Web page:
The Boston Bruins, who will always be in “gotta be in it to win it” mode, especially with the “Perfection Line” now closer to their end than to their beginning; made a huge splash for themselves on Saturday too.
The Bruins traded a 2022 first-round pick, a 2023 second-round pick, a 2024 second-round pick, John Moore and Urho Vaakanainen to the Anaheim Ducks, in exchange for Hampus Lindholm and Kodie Curran.
It’s believed that the Ben Chiarot trade, previously made between the Panthers and Canadiens (talked about last blog), has upped the price for rentals. This trade between Sam Malone’s favorite team, and the team that’s no longer mighty, is clearly an example of that.
I understand Boston’s thinking of trying to bolster their roster, but I don’t see them as a true Stanley Cup contender. To be fair, I say that about them every season! This time – I mean it!
In another deal from Saturday involving the Ducks; general manager Pat Verbeek sent Nicolas Deslauriers to the Wild, in exchange for a 2023 third-round pick.
For a team that promotes a hashtag of #FlyTogether – the Ducks have embraced “duckling” mode, and have moved on from some of their elder gaggle.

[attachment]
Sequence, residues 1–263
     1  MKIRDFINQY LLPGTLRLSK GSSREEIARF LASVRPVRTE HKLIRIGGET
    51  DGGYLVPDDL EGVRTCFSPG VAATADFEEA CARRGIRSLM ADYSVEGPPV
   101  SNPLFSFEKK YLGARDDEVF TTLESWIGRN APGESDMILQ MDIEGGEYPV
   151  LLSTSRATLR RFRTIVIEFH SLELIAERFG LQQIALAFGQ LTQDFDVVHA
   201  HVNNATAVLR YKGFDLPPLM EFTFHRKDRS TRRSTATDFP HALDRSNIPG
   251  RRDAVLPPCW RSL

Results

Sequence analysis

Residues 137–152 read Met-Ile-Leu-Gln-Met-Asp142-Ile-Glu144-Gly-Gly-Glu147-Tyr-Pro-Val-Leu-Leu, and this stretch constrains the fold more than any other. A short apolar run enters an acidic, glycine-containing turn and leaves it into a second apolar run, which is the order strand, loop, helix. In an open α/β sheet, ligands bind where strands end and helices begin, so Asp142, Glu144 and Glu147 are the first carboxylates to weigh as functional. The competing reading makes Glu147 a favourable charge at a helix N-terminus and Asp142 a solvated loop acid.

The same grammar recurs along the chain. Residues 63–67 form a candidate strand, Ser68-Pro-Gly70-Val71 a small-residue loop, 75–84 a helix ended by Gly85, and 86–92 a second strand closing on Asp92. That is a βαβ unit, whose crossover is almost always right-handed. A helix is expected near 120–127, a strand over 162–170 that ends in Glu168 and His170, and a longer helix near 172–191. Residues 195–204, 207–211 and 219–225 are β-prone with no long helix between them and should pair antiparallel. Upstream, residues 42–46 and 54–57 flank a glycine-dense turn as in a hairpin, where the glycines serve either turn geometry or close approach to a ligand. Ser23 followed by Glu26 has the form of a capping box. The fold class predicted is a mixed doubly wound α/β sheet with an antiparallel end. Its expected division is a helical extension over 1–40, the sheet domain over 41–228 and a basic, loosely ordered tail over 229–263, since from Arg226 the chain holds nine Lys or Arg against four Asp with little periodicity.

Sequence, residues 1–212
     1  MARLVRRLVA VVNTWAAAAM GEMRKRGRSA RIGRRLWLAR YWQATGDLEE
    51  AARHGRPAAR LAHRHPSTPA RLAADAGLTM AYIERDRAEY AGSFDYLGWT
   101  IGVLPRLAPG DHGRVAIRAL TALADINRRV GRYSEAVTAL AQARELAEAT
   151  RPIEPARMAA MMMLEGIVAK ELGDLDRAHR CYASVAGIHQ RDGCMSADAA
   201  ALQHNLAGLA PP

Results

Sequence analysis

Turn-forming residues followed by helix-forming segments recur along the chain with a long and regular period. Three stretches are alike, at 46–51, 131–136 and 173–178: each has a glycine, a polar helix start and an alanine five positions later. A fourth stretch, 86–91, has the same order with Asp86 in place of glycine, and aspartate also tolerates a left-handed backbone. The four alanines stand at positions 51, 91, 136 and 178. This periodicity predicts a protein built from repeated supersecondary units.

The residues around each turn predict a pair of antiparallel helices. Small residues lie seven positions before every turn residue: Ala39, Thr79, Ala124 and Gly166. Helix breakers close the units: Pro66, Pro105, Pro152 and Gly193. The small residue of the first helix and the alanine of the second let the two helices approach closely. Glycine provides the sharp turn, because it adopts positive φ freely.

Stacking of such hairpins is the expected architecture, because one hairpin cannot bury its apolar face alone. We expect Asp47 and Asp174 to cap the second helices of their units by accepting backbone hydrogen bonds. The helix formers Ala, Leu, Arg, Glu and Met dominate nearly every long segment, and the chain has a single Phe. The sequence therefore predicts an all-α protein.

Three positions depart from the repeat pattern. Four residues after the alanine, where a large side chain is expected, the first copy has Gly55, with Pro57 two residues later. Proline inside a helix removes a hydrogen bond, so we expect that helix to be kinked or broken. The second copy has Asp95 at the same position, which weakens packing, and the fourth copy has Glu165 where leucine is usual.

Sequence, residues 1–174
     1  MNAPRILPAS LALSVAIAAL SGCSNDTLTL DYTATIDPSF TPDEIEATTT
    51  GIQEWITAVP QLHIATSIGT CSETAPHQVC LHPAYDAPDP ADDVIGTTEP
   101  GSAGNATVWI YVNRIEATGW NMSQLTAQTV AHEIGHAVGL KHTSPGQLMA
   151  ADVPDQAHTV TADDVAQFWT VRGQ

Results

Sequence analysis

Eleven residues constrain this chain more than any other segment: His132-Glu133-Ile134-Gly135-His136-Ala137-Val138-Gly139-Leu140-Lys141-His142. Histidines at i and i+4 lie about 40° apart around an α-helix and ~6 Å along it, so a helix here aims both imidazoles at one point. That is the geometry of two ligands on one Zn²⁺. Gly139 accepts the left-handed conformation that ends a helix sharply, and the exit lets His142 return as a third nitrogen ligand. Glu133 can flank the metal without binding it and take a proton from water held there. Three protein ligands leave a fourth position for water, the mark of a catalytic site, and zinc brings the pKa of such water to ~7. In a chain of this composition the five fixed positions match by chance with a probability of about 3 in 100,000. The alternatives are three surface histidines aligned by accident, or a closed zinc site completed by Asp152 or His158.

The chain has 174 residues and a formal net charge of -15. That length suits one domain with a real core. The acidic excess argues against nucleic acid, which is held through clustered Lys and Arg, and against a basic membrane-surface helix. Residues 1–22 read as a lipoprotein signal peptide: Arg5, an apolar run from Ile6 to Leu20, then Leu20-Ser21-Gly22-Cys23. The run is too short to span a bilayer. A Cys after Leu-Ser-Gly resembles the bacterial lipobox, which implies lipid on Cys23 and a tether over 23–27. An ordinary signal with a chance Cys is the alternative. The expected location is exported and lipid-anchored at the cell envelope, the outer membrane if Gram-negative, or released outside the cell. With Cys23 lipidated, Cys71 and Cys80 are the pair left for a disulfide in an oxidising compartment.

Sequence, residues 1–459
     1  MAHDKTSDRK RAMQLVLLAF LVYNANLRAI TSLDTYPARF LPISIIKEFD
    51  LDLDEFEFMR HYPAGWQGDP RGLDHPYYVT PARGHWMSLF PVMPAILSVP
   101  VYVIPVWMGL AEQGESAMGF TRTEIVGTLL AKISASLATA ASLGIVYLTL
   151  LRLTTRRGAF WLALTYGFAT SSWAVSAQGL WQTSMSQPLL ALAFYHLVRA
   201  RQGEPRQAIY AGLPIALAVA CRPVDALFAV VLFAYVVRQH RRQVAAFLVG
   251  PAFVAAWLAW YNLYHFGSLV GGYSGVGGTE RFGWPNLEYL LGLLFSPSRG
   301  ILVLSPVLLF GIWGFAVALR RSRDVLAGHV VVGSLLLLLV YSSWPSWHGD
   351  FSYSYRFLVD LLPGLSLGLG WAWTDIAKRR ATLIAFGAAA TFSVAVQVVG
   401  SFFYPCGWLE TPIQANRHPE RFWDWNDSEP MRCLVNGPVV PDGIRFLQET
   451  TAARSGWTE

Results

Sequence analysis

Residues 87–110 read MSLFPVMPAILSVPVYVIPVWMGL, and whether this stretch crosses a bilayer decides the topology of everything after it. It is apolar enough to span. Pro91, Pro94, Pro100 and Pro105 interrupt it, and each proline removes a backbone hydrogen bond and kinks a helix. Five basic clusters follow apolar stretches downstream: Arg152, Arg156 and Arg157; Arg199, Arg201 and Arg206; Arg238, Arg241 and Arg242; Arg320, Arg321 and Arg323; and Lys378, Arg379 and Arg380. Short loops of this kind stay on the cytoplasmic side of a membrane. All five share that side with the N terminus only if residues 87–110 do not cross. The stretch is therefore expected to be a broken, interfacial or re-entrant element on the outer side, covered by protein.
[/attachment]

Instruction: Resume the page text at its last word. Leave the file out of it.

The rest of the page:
Let’s now get into the Ranger news.
Following the loss to the officials on Thursday night, the Rangers took Friday off and then traveled to Tampa, Florida.
On Saturday morning, Frank Vatrano took his first practice with the Rangers, where following the light skate, head coach Gerard Gallant spoke to the media.
Here’s “The Turk”:
Once again, Gallant preached his mantra of “one game at a time,” and said that he looked forward to these two tough tests with Tampa and Carolina.
When asked if he thought these two games would define his team, Gallant quickly brushed off that line of questioning and said he knows who his team is. I liked that answer.
Gallant also made sure to stress that the Rangers haven’t clinched a playoff spot yet, and still have to “work hard,” where the two words of “work hard” is a phrase that Gallant often reiterates to the media.
As far as anything else, Double G. said that CZAR IGOR would be starting against Tampa. After saying that, the bench boss followed up with, “I guess Georgiev is going to play tomorrow.”
For what it’s worth, while Gallant pretty much said that Georgiev would play against Carolina, he didn’t 100% confirm it either.
(And while I will understand if Georgiev goes tomorrow, I really hope that isn’t the case!)
As we all await to see whatever final touches general manager Chris Drury puts on the Rangers’ roster; on Saturday, there were reports coming out of the Great White North, where Alexis Lafreniere’s name has been linked to Chicago, in a possible trade of Patrick Kane and/or Alex Debrincat.